President's Corner

Are Our Students Ready for the Future?

by Sarah D. Jerome

This month’s issue of The School Administrator focuses on preparing our students to be effective workers, leaders and citizens in the 21st century. How can we as administrators make sure our schools are teaching the right combination of knowledge and skills to ensure our students’ success now and in the future?

Here are some ideas from schools around the country whose mission is to do just that.

  • Introduce an international studies requirement for graduation. Evanston Township in Illinois requires sophomores to choose from a series of in-depth humanities courses on the history, literature and art of Asia, Africa, Latin America and the Middle East. Idaho recently passed a requirement for all high school seniors to complete a project linked to an international framework. Visit for information.
  • Ensure professional development has an international focus. Most higher education teacher preparation programs do not require their students to take classes with an international dimension. Organizations like the National Consortium for Teaching About Asia ( are helping prepare teachers to add an international dimension to their classroom instruction.
  • Require students to learn a second language. A recent Phi Delta Kappa poll indicated that 85 percent of Americans believe learning a second language is important and 70 percent believe second language instruction should begin in the elementary school.

A school district that understands this is Glastonbury School District in Connecticut. Since 1957, world language study has been a requirement. Today, 93 percent of Glastonbury’s students study at least one language, and the overall curriculum includes an international dimension. The school district’s reputation for language and international studies is now a major draw for families moving into the area.

  • Use student and faculty exchanges and partnerships to promote a global curriculum. Across the country, school districts are signing agreements with other countries to facilitate exchange initiatives.

In Chicago, Walter Payton College Preparatory School took advantage of Chicago’s sister city relationships to offer every student the chance to participate in exchanges, both real and virtual, with schools on six continents.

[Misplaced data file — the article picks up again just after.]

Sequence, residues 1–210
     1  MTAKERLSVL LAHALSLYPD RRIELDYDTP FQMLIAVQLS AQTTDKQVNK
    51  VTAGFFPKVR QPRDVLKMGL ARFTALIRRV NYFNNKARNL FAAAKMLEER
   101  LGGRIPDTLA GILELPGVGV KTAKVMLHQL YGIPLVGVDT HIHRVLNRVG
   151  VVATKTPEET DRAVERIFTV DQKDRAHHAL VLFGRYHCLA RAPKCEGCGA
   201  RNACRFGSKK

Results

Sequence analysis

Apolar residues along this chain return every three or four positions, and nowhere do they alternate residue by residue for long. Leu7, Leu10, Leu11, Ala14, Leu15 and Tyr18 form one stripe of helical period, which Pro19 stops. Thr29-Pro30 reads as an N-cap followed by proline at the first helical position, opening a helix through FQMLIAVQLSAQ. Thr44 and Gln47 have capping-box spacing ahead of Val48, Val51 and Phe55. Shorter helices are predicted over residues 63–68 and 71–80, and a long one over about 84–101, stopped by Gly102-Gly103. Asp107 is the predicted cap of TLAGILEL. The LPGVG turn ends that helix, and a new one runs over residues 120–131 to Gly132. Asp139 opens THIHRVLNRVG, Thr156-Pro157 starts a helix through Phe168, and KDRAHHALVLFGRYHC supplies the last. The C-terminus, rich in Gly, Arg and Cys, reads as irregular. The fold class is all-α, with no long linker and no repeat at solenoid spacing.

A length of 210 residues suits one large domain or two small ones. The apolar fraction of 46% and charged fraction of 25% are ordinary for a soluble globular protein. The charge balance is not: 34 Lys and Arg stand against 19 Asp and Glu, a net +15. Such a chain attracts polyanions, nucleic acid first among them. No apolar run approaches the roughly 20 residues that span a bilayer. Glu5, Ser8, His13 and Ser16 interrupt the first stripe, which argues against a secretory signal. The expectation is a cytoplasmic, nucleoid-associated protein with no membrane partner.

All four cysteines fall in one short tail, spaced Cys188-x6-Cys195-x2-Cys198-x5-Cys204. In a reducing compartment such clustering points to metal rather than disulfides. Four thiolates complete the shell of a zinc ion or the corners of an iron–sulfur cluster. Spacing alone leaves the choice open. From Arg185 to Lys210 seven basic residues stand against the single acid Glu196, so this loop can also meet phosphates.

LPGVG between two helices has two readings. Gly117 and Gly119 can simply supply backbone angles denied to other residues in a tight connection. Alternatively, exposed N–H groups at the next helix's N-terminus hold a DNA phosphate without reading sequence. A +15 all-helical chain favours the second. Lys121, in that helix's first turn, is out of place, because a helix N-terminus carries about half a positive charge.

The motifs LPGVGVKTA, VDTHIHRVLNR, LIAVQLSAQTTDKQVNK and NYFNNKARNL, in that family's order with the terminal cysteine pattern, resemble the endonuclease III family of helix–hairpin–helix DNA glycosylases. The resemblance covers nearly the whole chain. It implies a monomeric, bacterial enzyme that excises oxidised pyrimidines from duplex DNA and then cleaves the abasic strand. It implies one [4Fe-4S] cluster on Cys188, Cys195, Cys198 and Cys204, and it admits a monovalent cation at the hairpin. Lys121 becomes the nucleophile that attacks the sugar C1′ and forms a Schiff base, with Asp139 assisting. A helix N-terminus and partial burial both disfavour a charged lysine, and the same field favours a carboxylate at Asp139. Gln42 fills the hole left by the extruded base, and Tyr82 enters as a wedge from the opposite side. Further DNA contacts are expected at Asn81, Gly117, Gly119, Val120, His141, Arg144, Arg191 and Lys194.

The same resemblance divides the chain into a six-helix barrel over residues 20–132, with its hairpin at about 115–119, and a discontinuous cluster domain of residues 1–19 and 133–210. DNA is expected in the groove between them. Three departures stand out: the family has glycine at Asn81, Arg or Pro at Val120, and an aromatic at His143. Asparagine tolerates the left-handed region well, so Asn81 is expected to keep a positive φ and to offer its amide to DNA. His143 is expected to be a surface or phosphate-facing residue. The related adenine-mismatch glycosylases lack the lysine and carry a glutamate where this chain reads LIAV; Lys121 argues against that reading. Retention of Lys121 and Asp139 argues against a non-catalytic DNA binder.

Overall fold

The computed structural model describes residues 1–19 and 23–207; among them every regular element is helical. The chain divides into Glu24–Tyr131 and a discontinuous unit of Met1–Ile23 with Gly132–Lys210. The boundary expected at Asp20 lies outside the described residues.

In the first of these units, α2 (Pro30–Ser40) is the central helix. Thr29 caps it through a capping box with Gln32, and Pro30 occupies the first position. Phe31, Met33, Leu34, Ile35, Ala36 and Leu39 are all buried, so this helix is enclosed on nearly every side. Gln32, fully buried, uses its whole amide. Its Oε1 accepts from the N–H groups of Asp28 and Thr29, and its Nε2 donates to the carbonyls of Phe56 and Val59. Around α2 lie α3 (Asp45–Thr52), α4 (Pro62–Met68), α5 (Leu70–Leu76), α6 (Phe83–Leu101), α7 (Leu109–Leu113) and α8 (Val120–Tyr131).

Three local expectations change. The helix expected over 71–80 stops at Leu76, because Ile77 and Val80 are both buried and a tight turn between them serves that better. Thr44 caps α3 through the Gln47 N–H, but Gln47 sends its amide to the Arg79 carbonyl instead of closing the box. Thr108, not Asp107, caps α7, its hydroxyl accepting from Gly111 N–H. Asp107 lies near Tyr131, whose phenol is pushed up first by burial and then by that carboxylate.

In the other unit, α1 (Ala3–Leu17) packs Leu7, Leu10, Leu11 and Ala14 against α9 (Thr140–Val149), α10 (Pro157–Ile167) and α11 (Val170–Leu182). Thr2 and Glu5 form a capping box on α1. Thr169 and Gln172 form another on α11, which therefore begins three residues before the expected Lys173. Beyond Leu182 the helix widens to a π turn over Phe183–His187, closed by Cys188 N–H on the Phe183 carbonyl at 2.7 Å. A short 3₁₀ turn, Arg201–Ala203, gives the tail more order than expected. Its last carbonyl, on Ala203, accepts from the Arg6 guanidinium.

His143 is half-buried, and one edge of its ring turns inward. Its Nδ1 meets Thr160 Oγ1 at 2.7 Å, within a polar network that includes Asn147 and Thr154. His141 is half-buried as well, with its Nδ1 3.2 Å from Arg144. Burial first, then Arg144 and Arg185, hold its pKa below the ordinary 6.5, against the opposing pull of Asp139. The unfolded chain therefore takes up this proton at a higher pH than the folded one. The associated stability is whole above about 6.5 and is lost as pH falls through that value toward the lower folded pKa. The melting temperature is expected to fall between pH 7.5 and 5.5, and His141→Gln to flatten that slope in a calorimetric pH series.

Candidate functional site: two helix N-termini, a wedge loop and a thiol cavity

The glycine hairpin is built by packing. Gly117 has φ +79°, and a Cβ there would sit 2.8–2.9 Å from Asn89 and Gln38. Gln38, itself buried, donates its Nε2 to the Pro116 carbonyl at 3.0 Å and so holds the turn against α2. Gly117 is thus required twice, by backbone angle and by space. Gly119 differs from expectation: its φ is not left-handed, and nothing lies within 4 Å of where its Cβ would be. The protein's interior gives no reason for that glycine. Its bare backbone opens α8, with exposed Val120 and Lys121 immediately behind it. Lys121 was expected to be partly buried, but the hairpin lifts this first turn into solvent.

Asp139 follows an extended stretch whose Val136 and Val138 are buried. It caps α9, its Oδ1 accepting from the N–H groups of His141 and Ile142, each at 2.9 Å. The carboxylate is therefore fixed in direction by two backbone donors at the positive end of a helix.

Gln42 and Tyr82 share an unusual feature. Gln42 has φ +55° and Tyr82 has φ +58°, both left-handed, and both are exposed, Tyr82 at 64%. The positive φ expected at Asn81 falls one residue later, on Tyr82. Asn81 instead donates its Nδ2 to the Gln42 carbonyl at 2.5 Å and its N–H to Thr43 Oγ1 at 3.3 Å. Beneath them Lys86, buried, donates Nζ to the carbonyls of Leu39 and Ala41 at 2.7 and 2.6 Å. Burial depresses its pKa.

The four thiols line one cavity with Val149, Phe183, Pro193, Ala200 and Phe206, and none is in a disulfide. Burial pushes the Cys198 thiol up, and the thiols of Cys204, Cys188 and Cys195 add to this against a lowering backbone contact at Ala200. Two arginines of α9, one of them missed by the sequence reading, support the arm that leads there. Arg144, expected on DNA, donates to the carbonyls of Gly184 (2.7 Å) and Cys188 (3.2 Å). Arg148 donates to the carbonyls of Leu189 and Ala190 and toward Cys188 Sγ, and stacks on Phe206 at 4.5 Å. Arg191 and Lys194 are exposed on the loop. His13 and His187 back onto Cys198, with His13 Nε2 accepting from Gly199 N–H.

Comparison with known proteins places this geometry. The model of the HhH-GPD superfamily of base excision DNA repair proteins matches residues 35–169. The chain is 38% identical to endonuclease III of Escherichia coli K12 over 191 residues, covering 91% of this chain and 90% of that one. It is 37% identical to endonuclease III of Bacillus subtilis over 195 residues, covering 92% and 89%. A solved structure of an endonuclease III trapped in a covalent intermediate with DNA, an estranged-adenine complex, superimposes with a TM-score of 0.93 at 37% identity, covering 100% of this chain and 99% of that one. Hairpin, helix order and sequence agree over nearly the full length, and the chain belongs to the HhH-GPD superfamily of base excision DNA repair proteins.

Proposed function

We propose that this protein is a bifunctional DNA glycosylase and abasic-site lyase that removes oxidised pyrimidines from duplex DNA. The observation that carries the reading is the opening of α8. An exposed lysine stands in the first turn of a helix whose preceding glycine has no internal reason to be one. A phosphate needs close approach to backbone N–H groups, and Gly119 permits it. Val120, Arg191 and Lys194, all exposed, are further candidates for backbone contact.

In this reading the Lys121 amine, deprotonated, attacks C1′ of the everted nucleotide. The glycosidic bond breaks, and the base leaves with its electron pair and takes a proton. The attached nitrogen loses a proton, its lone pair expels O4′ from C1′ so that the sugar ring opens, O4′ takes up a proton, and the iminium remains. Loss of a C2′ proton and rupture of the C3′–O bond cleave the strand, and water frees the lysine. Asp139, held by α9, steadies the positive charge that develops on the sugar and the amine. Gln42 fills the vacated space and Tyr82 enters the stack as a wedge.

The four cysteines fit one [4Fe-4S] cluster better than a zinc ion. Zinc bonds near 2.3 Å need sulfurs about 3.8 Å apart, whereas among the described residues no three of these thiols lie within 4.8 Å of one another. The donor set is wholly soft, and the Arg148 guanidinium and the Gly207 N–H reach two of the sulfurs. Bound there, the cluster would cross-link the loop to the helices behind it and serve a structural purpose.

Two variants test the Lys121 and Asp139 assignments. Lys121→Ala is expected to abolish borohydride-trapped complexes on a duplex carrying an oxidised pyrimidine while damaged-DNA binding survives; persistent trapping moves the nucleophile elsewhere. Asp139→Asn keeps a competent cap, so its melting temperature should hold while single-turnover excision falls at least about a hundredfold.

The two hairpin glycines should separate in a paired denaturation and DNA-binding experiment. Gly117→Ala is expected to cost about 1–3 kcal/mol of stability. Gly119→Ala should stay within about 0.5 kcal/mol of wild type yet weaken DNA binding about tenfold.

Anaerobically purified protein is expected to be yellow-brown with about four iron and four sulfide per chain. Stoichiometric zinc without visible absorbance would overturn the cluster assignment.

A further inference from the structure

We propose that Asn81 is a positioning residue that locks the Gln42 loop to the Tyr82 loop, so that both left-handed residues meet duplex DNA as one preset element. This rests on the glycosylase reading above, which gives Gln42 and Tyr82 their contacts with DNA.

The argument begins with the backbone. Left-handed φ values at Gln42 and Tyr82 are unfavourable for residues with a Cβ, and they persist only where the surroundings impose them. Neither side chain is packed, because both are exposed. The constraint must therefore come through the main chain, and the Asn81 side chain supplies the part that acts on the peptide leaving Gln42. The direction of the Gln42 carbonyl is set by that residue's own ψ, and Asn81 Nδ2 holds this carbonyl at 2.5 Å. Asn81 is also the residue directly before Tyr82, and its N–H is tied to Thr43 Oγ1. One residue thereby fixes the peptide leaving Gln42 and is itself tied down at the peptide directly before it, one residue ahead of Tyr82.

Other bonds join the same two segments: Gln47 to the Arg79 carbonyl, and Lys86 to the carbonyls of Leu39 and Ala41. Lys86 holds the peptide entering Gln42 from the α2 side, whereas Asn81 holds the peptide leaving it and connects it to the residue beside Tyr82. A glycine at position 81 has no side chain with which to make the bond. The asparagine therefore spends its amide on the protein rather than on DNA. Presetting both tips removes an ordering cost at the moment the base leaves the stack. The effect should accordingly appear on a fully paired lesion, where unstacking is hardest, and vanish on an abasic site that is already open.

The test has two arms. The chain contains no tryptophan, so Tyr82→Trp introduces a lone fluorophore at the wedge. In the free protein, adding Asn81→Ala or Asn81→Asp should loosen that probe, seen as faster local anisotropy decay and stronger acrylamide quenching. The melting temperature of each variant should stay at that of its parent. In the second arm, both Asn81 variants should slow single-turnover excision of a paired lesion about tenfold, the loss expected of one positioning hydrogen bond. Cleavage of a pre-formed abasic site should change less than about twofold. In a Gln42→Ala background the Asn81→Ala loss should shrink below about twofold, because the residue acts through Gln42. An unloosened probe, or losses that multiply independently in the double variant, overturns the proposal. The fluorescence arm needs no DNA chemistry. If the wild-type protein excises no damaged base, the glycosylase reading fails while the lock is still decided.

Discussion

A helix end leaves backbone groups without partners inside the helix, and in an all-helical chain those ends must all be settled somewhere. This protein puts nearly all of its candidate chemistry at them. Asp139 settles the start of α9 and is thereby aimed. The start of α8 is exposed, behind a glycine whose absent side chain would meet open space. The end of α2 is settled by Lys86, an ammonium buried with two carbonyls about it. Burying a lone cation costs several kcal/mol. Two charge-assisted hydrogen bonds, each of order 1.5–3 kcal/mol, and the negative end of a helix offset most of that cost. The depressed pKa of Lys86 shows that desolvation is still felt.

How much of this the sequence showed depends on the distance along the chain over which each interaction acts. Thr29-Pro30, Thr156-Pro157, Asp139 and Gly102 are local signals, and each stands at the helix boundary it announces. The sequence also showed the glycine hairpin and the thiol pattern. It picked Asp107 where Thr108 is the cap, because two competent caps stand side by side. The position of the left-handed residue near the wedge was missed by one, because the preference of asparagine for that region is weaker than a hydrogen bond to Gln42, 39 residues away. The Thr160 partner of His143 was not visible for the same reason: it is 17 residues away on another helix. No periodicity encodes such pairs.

At International School of the Americas in San Antonio, Texas, professional development includes a trip to Mexico to prepare teachers to lead students on an exchange later in the year.

We must take advantage of the many opportunities for exposing our students to the world beyond our borders, whether we begin by introducing one class to the curriculum or initiate an entire world language sequence starting in kindergarten.

Hero Profile: Yvonne Chan
Yvonne Chan is principal of Vaughn Next Century Learning Center, part of Asia Society’s International Studies Schools Network, the first national network of schools working in low-income urban areas to produce college-ready, globally competent high school graduates.

Vaughn is located in Los Angeles and serves 2,000 students — mostly Hispanic English language learners who are eligible for free/reduced-price meals. It opened as a K-8 school but recently expanded to include the Vaughn International Studies Academy, which gives access to students in grades 9-12 access to the curriculum in which international knowledge and skills are thoroughly integrated.

Under Chan’s leadership, Vaughn has developed an effective school model that includes small classes, high expectations, educator accountability and community partnerships that support children and their families. Today, Vaughn is one of the most successful urban schools in the nation, serving as a model for solving many public education challenges while giving students an international perspective.

Sarah Jerome is AASA president in 2007-08. E-mail: